I could not reconcile my own self-image of hearty mid-life grandpa with the bowlegged, ball-dangling grandpa I had suddenly become. And when I looked around me, I realized that a lot of older men walk funny. I wondered, are their balls being clanged like church bells by the Quasimodo of aging? Do they also have ball arthritis? Groucho Marx once said that he would never want to be accepted into a club that would have him as a member. I don’t want to join the society of infirm grandfathers. But it turns out I may not be in charge, and no earthly living thing is, in the end.

Within the past six weeks, a Chinese doctor half my size – Dr. Lu – has jumped on my lower back like it was a trampoline, and inserted tiny throbbing needles, convinced that a nerve in my back that’s connected to my ball has somehow been damaged. The treatment has helped somewhat, but I’m still deep in the woods, and anxious that the damage – whatever it is – may be permanent.

Today, I was supposed to be in Connecticut helping my daughter paint the room for the new grandson due in September, but I didn’t feel up to sitting in a car for three hours and the resulting pain, followed by a day of painting. I do better laying down.

I think that ultimately I will be cured, either by Dr. Lu, Western medicine, or just by time. Time really is the best healer. And time is what led me, after 56 years, to the pure joy of grandfatherhood. So I must embrace time and the challenges of aging equally, for nothing is ever purely bad, and grace can be found in the most unlikely places. Including my left ball.

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No Bed of Roses

People will say that sickness is part of life, but the truth is that sickness has a life of its own. Sickness is a bubbling cauldron of living bacteria, a…

People will say that sickness is part of life, but the truth is that sickness has a life of its own. Sickness is a bubbling cauldron of living bacteria, a cornucopia spilling over with every manner of infection. Sickness is a field of blooming viruses, blood red and bobbing in the spring wind. These other forms of life, the uninvited guests that Poe described so horrifically in his Mask of the Red Death, are to us the ultimate party crashers, robbing us of the health and life we feel we are entitled to. And yet the bacteria and viruses are simply doing what all living things do, going about the business of thriving. They could easily protest that we are the ones crashing their party, when bodies give up and melt into the grass. We are, after all, literally the hosts of the party, and when our doors close they have no place to live either. So this battle goes on daily, and sometimes the toughest survive, or it has nothing to do with fortitude and everything to do with lucky genetic variations that make some immune enough to heal.

The calls and texts from Abigail crescendoed over a period of days. First, Henry had a cough. Then he had a bad cough. A really bad cough that was keeping him, Abigail and Ryan up all night. There was a worrisome rasping sound coming from Henry’s chest. A wheezing. A high fever that would not go away. They took him to the emergency room. Henry was admitted to the hospital and diagnosed with RSV – a lower respiratory infection. They put him on oxygen. Put in an IV. Henry, flat on his back and listless, would recoil in speechless horror when the nurses came to take blood or check his vital signs. If he were older than 17 months, he’d have full sentences to explain his terror – “Why is this happening to me?” “Who are these people who keep sticking me with needles?” But all he could say, or scream, was the word no over and over.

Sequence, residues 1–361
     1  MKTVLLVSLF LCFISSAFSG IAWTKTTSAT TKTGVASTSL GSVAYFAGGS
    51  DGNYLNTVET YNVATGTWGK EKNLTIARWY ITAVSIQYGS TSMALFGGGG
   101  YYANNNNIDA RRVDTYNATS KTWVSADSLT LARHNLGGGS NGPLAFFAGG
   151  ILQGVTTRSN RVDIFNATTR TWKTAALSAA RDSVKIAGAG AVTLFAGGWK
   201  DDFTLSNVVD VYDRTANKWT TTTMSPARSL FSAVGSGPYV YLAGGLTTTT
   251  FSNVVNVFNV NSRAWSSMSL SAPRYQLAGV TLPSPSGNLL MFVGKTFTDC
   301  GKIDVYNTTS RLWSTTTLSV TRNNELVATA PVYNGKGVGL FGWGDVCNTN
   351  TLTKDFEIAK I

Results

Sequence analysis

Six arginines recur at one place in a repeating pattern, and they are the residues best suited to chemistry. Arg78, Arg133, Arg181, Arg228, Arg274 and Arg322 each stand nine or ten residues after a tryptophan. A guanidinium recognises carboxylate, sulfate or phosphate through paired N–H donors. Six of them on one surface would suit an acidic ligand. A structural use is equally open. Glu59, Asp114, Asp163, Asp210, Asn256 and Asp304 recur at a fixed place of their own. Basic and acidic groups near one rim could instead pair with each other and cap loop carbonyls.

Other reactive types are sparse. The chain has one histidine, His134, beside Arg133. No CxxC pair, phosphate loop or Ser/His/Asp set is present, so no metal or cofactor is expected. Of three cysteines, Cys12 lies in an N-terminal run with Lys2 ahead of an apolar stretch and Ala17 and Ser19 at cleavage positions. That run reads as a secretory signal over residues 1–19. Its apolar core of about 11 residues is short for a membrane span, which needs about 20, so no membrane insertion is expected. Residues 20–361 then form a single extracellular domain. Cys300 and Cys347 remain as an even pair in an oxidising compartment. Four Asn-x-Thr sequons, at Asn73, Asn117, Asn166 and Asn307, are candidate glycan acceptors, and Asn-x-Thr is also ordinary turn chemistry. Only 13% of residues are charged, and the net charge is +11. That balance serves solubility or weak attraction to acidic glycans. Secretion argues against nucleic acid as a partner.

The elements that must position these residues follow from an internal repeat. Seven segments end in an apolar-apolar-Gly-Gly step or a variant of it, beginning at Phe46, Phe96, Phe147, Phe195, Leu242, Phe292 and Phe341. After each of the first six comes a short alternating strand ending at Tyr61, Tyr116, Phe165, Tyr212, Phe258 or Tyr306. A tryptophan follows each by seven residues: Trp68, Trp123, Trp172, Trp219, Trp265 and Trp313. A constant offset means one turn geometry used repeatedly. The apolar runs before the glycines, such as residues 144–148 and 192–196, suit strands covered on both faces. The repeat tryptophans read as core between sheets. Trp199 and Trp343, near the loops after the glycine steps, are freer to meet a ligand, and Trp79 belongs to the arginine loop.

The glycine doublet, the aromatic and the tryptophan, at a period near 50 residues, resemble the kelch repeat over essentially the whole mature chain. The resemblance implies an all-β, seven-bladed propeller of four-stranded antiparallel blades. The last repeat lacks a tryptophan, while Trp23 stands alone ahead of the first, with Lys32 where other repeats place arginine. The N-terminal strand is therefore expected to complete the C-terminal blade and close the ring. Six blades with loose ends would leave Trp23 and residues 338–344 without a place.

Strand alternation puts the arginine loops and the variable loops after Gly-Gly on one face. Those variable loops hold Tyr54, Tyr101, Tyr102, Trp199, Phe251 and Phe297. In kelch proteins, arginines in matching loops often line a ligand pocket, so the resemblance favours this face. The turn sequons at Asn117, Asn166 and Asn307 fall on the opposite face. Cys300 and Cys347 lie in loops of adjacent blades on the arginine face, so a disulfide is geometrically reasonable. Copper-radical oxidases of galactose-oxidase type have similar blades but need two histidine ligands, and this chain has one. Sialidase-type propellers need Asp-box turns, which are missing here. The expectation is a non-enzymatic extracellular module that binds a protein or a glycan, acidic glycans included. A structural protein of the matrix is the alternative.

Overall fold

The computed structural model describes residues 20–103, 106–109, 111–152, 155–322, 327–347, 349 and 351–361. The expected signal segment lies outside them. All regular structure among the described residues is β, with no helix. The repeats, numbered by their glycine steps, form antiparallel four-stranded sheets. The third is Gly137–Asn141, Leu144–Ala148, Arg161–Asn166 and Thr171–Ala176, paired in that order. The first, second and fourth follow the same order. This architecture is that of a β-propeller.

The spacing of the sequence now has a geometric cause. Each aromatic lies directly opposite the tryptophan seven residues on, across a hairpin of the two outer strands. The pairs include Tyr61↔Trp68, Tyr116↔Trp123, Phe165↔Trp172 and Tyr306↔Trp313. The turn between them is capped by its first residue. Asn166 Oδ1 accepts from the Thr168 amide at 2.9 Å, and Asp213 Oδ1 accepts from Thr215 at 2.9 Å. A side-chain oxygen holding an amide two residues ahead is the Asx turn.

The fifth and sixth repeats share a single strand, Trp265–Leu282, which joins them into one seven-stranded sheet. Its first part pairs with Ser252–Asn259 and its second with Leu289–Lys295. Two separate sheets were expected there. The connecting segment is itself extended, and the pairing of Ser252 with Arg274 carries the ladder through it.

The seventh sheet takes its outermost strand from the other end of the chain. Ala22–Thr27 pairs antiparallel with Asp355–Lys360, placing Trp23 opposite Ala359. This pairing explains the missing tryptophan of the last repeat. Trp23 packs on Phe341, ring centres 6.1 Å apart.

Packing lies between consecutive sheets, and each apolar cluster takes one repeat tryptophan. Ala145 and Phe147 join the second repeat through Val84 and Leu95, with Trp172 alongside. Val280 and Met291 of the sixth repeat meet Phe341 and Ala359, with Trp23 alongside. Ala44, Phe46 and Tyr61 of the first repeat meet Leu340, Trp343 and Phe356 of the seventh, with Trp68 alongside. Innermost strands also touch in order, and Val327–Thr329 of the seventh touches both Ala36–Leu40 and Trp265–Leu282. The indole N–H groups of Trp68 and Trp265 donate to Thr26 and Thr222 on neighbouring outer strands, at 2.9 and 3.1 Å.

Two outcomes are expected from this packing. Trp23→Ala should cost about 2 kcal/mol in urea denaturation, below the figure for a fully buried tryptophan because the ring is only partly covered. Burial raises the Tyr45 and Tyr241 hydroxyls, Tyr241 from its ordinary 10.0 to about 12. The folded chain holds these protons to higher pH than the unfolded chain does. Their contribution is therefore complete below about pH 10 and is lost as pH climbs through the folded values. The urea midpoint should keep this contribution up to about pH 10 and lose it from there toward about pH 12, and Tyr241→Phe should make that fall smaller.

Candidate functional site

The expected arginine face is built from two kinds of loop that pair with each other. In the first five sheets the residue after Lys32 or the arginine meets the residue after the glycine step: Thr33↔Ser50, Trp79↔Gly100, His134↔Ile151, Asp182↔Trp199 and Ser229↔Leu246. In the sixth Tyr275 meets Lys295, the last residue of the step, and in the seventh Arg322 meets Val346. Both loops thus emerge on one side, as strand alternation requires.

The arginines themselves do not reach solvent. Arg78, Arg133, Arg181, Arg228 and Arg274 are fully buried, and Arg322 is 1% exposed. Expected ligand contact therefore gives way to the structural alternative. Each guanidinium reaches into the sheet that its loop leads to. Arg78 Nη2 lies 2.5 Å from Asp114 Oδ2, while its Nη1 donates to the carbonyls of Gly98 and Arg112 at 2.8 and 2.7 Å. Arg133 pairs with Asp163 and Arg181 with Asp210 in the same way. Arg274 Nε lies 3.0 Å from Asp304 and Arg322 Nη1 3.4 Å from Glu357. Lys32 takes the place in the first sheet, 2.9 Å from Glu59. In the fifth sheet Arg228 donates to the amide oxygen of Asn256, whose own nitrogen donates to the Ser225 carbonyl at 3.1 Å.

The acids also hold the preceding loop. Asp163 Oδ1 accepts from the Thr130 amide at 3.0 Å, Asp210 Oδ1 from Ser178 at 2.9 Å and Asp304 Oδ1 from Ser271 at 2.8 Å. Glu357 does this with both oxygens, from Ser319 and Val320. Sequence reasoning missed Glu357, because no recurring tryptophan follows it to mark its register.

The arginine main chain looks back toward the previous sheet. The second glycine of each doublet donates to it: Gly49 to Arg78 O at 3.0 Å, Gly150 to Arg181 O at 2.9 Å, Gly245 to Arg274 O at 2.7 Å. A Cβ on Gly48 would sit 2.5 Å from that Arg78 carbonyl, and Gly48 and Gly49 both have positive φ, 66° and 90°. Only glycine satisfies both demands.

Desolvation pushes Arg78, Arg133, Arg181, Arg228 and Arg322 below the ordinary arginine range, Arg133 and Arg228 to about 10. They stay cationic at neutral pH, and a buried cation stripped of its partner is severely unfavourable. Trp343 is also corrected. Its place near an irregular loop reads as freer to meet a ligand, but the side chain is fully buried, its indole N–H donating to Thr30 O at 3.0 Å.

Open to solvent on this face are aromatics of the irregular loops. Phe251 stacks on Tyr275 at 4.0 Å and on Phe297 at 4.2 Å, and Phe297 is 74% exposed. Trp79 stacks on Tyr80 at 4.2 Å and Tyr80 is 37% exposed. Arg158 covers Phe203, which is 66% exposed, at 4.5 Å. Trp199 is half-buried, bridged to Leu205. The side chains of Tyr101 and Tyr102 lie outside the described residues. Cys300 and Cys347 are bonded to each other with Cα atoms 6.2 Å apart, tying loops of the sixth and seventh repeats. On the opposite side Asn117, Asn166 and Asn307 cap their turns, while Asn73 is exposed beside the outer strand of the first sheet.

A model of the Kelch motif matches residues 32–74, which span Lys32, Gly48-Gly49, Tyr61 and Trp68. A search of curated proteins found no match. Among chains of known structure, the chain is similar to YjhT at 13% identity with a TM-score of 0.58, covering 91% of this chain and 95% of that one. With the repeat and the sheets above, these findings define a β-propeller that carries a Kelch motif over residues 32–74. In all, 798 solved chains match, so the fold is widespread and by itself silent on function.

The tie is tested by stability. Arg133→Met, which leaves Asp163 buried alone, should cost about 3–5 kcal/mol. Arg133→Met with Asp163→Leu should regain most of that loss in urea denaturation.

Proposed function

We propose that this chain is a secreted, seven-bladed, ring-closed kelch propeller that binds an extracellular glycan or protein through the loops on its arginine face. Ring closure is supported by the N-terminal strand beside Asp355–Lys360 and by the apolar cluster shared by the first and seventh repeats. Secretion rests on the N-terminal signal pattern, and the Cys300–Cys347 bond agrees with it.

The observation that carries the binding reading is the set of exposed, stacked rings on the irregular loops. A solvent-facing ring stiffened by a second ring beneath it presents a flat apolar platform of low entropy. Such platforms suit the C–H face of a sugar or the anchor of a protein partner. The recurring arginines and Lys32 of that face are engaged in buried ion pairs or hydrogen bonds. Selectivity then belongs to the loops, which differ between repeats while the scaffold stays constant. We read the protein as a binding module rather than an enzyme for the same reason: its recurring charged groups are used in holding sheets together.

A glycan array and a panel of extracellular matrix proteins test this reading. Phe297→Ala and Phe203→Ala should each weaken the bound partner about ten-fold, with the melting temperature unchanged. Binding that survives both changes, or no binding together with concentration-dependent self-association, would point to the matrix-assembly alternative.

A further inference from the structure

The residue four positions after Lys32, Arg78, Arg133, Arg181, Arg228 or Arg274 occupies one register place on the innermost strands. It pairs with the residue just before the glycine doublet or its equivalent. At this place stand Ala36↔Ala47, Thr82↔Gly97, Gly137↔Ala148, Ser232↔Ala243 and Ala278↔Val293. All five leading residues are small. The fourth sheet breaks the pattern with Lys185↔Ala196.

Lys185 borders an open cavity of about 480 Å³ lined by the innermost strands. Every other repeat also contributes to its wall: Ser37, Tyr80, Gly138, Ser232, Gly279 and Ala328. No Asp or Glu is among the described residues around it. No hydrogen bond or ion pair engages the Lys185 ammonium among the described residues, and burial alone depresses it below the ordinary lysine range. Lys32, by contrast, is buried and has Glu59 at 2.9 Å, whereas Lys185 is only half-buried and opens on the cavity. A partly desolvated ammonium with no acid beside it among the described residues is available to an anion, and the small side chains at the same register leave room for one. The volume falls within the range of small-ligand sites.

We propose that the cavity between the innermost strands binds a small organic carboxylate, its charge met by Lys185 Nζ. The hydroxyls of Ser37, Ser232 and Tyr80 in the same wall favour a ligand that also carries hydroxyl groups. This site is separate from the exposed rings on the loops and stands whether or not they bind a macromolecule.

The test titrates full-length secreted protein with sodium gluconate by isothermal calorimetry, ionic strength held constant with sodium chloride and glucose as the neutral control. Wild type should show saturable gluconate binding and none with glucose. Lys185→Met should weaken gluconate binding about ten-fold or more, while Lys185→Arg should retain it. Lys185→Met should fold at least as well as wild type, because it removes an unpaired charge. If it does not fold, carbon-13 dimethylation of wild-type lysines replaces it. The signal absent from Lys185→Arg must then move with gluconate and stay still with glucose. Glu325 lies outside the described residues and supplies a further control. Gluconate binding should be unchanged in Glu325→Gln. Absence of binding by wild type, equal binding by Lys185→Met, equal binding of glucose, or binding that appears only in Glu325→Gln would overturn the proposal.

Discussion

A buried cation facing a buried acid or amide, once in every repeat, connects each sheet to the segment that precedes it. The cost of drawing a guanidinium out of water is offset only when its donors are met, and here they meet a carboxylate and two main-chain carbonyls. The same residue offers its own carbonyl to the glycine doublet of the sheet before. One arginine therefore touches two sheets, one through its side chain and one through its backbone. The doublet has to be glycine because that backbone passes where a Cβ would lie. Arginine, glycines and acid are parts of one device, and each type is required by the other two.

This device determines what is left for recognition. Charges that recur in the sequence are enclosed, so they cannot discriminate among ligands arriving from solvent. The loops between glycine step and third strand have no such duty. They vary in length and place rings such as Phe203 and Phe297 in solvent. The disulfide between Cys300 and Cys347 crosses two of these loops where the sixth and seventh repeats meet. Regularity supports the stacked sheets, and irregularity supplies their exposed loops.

Nancy dropped everything and rushed to the hospital in Connecticut. I got a text from her that night that read, “Poor Henry is so sick.” Nancy is a very grounded person by nature, not prone to worry, but I could hear the deep concern in her voice when we talked that night. Most kids will get this particular sickness before the age of two. Henry’s case, however, was particularly severe. When the nightmare of the needle-fingered nurses relented to sleep, his oxygen levels dropped dangerously low, even with the oxygen tube taped to his face. We were sent pictures of Henry in his hospital bed, or sleeping on Abigail’s shoulder as she camped in a chair at three am under the florescent lights that can make even healthy people look ill. The bacteria in Henry’s chest was having a rager. A spring break. A ghoulish frat party. The more sickly the glow of the hospital lights, the brighter their revels.

It’s at these moments when you ask yourself something you can’t even think, and in conversations with your loved ones you can’t even say in words, so you speak around them with questions like, “How serious does the doctor say this is?” And the responses tend to trail off, the ellipses at the end of the sentence speaking volumes of dread, “Well, this happens to a lot of kids, and he’ll probably be fine, but…”

This question is inevitable and natural. It’s the one that’s on the surface that we ask in conversation with our spouse, our kids – the young parents toughing it out with our grandchild. It’s a question that goes deeper, though, much deeper, when we close our eyes and pray. I call myself a non-practicing Unitarian, which some would say is redundant. Churches and dogmatic teachings never meant much to me. But when your grandkid is sick, there is a God. And if there is a God when your grandkid is sick, then there must always be a God. I reached out to God and asked for help in healing Henry. I did point out, in my very reasoned Unitarian way, that I rarely asked for help from the Divine. So maybe this solitary plea might be heard, as if God had some kind of spreadsheet where she tallied the number or requests from mortals.